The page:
||One of the nation's top political analysts, Stuart Rothenberg, dissects politics at the congressional and statewide levels.|
Tobacco Debate Hangs Over Kentucky Senate Race
In Maryland, Gov. Glendening can't take anything for granted
By Stuart Rothenberg
With the May 26 Kentucky primary starting to draw near, all of the major
Democratic candidates have hit the airwaves. There is also greater attention to
statewide polling and fund-raising figures as Cong. Scotty Baesler, Lt. Gov.
Steve Henry and businessman Charlie Owen sprint to the finish line and a general
election match against Cong. Jim Bunning, the prohibitive favorite for the GOP
A new survey, conducted by Mason-Dixon Research from April 13-15 shows Baesler
leading in the Democratic primary with 35 percent, to 17 percent for Henry and 12 percent for Owen.
Those numbers were little changed from a month earlier, when a March Louisville
Courier-Journal "Bluegrass Poll" showed Baesler, the Lexington-area congressman,
with 36 percent, followed by Henry at 16 percent and Owen at 8 percent.
The new Mason-Dixon survey shows Baesler ahead of Bunning by nine points,
42-33 percent, but the Republican leading Henry (36-33 percent) and ahead of Owen (36-29 percent).
Each of the candidates is pouring personal money into their races. During the
first three months of this year, Owen loaned his campaign about $2.4 million,
bringing his total loans to the campaign to just shy of $3 million. Henry just
loaned himself $255,000, while Baesler put $150,000 into the campaign.
There is no doubt which of the three Democrats has the deepest personal pockets.
Disclosure statements cited by Roll Call, Capitol Hill's leading political
newspaper, put Owen's wealth at the tens of millions of dollars, much of it from
cable television and real estate investments.
Owen was the first of the three Democrats to go up on the air, beating his two
opponents by about a month. He has run introductory biographical ads, but also
a spot on crime and schools. Henry's ads note his medical background, his
endorsement by the Kentucky Education Association, as well as his political
background. And Baesler's ads talk about a few issues as well as the
congressman's background, including his accomplishments in Congress.
Owen's money is expected to catapult him into the race, and money will be
crucial for all three candidates.
The current national debate over tobacco hangs like a cloud of smoke over the
state's Senate race. None of the candidates wants to appear insensitive to the
interests of tobacco farmers, yet even in Kentucky there is sensitivity to teen
smoking and the "big tobacco companies." Still, the aggressive views of the
president, the vice president and a number of national Democrats place an added
burden on the eventual Democratic nominee.
Meanwhile, Bunning appears to be coasting to his party's nomination, and
insiders say that Sen. Mitch McConnell, the state's other senator and the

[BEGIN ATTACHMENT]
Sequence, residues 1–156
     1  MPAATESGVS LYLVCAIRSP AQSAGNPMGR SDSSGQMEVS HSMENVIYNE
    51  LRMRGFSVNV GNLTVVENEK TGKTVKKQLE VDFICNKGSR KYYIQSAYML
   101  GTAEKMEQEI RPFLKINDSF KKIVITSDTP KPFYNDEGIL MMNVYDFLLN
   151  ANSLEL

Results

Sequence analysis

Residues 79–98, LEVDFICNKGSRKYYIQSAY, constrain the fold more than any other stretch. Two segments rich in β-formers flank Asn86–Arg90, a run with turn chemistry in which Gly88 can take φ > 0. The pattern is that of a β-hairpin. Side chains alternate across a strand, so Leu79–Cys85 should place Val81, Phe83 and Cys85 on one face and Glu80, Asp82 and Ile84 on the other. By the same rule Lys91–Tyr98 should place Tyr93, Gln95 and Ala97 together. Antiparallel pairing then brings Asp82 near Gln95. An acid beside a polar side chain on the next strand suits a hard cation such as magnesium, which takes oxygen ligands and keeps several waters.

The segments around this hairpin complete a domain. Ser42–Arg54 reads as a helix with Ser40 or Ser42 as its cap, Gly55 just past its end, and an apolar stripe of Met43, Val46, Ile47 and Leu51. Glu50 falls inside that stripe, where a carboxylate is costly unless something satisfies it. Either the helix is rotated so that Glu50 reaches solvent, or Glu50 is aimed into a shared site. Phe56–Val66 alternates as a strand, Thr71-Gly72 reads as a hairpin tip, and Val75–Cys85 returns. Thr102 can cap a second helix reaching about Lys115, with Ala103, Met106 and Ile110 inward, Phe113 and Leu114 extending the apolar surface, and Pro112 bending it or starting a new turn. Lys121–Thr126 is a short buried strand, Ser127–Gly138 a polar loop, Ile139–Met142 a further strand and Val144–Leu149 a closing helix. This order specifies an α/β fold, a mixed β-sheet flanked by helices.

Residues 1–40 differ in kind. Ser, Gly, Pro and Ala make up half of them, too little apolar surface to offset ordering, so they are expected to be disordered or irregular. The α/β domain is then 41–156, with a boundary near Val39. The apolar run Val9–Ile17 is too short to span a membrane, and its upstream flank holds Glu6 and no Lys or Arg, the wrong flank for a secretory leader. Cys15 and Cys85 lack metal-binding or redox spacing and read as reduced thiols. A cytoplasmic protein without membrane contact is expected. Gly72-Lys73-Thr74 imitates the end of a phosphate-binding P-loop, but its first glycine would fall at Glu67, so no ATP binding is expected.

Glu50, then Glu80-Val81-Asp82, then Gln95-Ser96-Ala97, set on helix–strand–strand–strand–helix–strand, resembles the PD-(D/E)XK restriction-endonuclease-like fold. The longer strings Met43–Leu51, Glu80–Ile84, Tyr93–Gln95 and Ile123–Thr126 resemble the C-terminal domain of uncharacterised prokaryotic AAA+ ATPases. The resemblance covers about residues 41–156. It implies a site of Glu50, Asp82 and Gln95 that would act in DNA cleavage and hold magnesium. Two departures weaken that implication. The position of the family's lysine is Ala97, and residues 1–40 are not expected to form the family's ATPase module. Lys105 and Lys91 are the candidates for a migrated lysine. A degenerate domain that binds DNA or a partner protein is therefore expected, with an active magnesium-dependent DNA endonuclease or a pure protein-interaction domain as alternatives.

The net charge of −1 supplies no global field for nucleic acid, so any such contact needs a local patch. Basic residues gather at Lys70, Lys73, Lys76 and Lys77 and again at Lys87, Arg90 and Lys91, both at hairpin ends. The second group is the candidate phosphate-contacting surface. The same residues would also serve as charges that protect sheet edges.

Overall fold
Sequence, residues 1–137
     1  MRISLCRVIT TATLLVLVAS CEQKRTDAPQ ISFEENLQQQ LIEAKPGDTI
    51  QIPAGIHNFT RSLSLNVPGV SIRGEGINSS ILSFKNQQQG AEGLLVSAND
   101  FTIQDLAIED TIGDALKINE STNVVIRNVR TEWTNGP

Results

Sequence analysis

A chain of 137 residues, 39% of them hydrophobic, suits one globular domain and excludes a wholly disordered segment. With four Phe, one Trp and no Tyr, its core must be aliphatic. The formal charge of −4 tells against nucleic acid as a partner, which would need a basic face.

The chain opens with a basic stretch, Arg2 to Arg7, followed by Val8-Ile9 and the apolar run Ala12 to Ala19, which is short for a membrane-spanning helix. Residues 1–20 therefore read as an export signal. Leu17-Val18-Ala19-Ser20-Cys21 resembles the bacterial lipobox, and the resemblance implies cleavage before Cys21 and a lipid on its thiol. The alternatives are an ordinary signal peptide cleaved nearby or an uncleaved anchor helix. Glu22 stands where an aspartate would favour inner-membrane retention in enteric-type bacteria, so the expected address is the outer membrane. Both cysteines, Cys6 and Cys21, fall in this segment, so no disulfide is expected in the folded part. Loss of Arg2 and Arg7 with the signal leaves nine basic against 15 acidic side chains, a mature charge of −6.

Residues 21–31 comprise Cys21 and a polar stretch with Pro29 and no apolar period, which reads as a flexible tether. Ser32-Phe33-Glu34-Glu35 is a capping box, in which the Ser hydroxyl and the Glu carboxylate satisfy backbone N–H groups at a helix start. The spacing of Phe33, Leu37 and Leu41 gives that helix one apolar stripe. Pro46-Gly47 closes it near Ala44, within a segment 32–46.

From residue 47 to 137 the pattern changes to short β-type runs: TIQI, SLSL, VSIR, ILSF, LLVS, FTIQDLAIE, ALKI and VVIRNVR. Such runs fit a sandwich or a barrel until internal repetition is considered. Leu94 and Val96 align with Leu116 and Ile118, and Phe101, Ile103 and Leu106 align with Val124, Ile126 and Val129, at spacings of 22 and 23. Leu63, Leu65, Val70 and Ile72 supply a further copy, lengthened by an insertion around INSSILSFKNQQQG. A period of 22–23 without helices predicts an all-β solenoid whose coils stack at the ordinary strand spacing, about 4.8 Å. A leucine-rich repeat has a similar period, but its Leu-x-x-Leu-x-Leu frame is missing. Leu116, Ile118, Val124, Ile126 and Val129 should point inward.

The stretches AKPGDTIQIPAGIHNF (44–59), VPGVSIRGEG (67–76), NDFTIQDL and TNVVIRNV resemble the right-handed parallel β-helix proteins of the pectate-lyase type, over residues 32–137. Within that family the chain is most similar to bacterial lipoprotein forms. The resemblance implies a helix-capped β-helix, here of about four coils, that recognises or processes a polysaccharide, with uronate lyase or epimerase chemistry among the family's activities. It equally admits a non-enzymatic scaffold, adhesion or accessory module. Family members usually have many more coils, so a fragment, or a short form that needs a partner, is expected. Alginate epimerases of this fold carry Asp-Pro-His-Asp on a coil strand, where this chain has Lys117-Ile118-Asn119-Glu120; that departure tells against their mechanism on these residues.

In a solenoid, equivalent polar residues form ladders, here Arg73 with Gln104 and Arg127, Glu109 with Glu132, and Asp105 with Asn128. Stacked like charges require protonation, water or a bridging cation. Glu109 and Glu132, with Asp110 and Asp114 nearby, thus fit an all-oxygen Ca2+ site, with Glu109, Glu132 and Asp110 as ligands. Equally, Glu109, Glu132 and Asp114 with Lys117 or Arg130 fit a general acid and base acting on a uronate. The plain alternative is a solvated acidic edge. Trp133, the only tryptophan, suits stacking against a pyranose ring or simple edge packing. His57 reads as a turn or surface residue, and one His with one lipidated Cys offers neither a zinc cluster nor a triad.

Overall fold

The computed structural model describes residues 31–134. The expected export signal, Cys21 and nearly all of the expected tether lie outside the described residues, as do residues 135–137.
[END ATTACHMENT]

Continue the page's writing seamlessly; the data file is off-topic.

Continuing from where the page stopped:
chairman of the National Republican Senatorial Committee, continues to take a
very active interest in the race. As long as Bunning listens to the advice of
veteran campaign strategists, the Republicans have a pretty good chance of
picking up this seat in what is certain to be a close, hard-fought general
Maryland's Glendening remains vulnerable
Maryland Governor While most incumbent governors appear headed for easy re-election in November, Maryland Democrat Parris Glendening continues to be headed for a tough battle.
A new poll, conducted in early April by Mason-Dixon Research shows the governor
with a comfortable lead in the Democratic primary but running virtually even
against the likely GOP nominee.
Glendening draws 45 percent to Harford County Executive Eileen Rehrmann's 15 percent and
former professional football player Raymond Schoenke's 5 percent. Two other hopefuls
barely register. In the GOP primary, '94 loser Ellen Sauerbrey is clobbering
Howard County executive Charles Ecker, 65-14 percent.
Glendening simply has better statewide recognition than his Democratic primary
opponents, to say nothing of his huge financial advantage. Generally upbeat news
about the state Legislature's session, some of it no doubt resulting from good
economic news, is bound to help the governor's re-election efforts.
But with Schoenke promising to spend millions in the race -- much of it on
statewide television ads -- and Rehrmann reportedly ready to get the endorsement
of the mayor of Baltimore, Glendening can't take his renomination for granted.
More worrisome for the governor, however, is that he still has not solidified
his hold on the state. The Mason-Dixon poll showed him leading Sauerbrey by only
four points, 45-41 percent, hardly impressive considering the state's heavily
Democratic tilt and the governor's incumbency. Indeed, his personal ratings
stand at a weak 38 percent favorable/35 percent unfavorable, suggesting that voters have not,
after more than three years, become attached to Glendening.
Sauerbrey has some of her own personal baggage to overcome, as well as the
state's traditional Democratic voting patterns, but Glendening is headed for a
rough seven months unless his poll numbers change dramatically.